Following in the footsteps of Scott and Helen Nearing, who in the Sixties jump-started the back-to-the-land movement in the Northeast, survivalists and homesteaders alike are redefining self-sufficiency in new and unique ways, from urban guerilla gardening, to eating roadkill, to providing all their own energy off-grid. These are the new homesteaders, and this month Popular Mechanics profiles a few of them.
As a side note, if you want to find out more about becoming self-reliant, check out these titles from Chelsea Green Publishing:
- Fresh Food from Small Spaces: The Square-Inch Gardener’s Guide to Year-Round Growing, Fermenting, and Sprouting
- Food Not Lawns: How to Turn Your Yard Into a Garden and Your Neighborhood Into a Community
- When Technology Fails, Revised and Expanded: A Manual for Self-Reliance, Sustainability, and Surviving the Long Emergency
- Gaia’s Garden, Second Edition: A Guide to Home-Scale Permaculture
From Popular Mechanics:
At Ghost Town Farm, Carpenter cleared the head-high weeds from a 4500-square-foot lot and started planting. She didn’t ask permission. When the lot’s owner discovered the squat garden he warned that he would soon develop the real estate—that was five years ago. Now the lot is verdant with lavender, sage and thyme; lime, rhubarb and raspberries; artichoke, collard greens and avocado.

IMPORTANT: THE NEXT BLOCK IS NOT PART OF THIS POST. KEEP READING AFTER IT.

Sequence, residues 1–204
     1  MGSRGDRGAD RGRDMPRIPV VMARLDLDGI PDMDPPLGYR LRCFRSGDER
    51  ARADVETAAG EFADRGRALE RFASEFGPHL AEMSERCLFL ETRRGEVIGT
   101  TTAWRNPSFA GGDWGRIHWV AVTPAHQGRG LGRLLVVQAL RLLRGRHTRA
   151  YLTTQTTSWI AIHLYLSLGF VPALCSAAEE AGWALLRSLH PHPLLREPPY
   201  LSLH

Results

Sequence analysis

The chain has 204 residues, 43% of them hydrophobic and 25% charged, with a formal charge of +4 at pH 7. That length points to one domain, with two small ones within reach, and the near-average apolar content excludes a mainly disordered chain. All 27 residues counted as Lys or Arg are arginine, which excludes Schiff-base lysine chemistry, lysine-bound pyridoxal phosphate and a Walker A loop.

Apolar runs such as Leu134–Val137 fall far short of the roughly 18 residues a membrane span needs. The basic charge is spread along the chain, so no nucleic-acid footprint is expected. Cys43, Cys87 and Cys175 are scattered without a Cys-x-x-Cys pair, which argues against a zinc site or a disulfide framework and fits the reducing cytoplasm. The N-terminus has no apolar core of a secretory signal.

Strolling through the garden, I became overwhelmed by a feeling that could only be described as vegetable lust. But something deeper than my appetite had been stimulated, too. My grandfather once worked a small mountain farm in Greece. He immigrated to California’s Central Valley in his 20s, opening a produce stand and then a grocery store, but he never totally severed his connection to the land. I remember strolling through fruit-laden trees in his backyard as a boy. Now, I was gearing up for major changes myself—the arrival of my first child, the purchase of my own home—and I had been thinking about what sort of sanctuary I could create for my own family. The house I envisioned was solar-powered and garden-ringed, a little safer, smarter and more productive than the wasteful world around it. I was deeply curious about the experiments of modern homesteaders because I wondered just how self-sufficient I could be, too.
The specters of financial crisis, climate change, uncertain energy reserves and a fragile food supply loom large for the new generation of survivalists—and though I don’t share their apocalyptic mind-set, I find myself relating to the urge to run for cover. In April, the top-selling action and adventure book on Amazon.com was Patriots: Surviving the Coming Collapse, a work described to me by its author, James Wesley Rawles, as a “survival manual dressed as fiction.” Its plot appeals to those on the political right, who fear a too-powerful government—and the anarchy to come in the wake of its inevitable collapse. Leftie off-the-gridders gravitate more to the “grow-local” approach championed by author Michael Pollan. “We’re using up the world’s resources more quickly than you could imagine,” says Ruby Blume of the Institute of Urban Homesteading. “I think we need to be prepared.”